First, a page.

Cookies Policy

This site uses cookies. By continuing to browse the site you are agreeing to our use of cookies.

I accept this policy

Find out more here

Dominance Relationships in Jackdaws (Corvus Monedula)

No metrics data to plot.
The attempt to load metrics for this article has failed.
The attempt to plot a graph for these metrics has failed.
The full text of this article is not currently available.

Brill’s MyBook program is exclusively available on BrillOnline Books and Journals. Students and scholars affiliated with an institution that has purchased a Brill E-Book on the BrillOnline platform automatically have access to the MyBook option for the title(s) acquired by the Library. Brill MyBook is a print-on-demand paperback copy which is sold at a favorably uniform low price.

Access this article

+ Tax (if applicable)
Add to Favorites
You must be logged in to use this functionality

image of Behaviour

Dominance interactions (supplantings) of 26 jackdaws (Corvus monedula) living in a captive flock were recorded for a period of 2 years. The transitivity of the dominance hierarchy did not increase over time. Though there were 238 rank changes in course of the study, a portion of 6 % of all possible triads of the flock was always intransitive. Only 16.5% of the observed supplantings involved aggressive behaviour. There was no significant correlation between the body weight of a jackdaw and its dominance rank. Male-Male dyads had a disproportionally high frequency of dominance interactions and rank changes. Females were more likely to gain in rank in course of a rank change if their mate was already dominant to the opponent and to lose in rank if their mate was subordinate to the opponent. With the males there was no such tendency. Only 5.4% of the observed dominance interactions were temporary reversals with respect to the defined dominance relationship of a dyad. The probability of temporary reversals was increased if the mate of the supplanting jackdaw was present (less than 60 cm away) during the dominance interaction even though it did not interfere. When it was present, it joined the supplanting interaction in 10.0% of the cases. Breeding jackdaws had an increased percentage of reversed dominance interactions in front of their nest box. This site-related dominance was especially marked as soon as the female started to incubate.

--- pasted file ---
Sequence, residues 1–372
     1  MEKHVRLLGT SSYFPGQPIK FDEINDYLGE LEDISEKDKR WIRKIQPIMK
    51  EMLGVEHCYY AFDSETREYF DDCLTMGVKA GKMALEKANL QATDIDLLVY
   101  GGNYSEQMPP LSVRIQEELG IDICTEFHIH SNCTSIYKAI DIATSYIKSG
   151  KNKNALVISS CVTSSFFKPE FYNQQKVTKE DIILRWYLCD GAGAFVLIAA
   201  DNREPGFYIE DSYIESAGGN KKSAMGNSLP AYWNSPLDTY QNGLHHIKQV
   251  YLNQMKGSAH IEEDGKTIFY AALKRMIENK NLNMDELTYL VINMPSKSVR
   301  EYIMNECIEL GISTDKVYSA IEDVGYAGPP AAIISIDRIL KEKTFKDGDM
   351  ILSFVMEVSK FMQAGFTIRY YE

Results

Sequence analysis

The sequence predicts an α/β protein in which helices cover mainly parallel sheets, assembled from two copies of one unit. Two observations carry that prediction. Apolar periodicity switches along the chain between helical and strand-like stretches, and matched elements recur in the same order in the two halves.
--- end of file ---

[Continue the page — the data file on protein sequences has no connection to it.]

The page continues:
Affiliations: 1: Ethologie und Wildforschung, Zoologisches Institut, Universität Zürich-Irchel, Winterthurerstrasse 190, CH-8057 Zürich, Switzerland


Full text loading...


Data & Media loading...

Article metrics loading...



Can't access your account?
  • Tools

  • Add to Favorites
  • Printable version
  • Email this page
  • Subscribe to ToC alert
  • Get permissions
  • Recommend to your library

    You must fill out fields marked with: *

    Librarian details
    Your details
    Why are you recommending this title?
    Select reason:
    Behaviour — Recommend this title to your library
  • Export citations
  • Key

  • Full access
  • Open Access
  • Partial/No accessInformation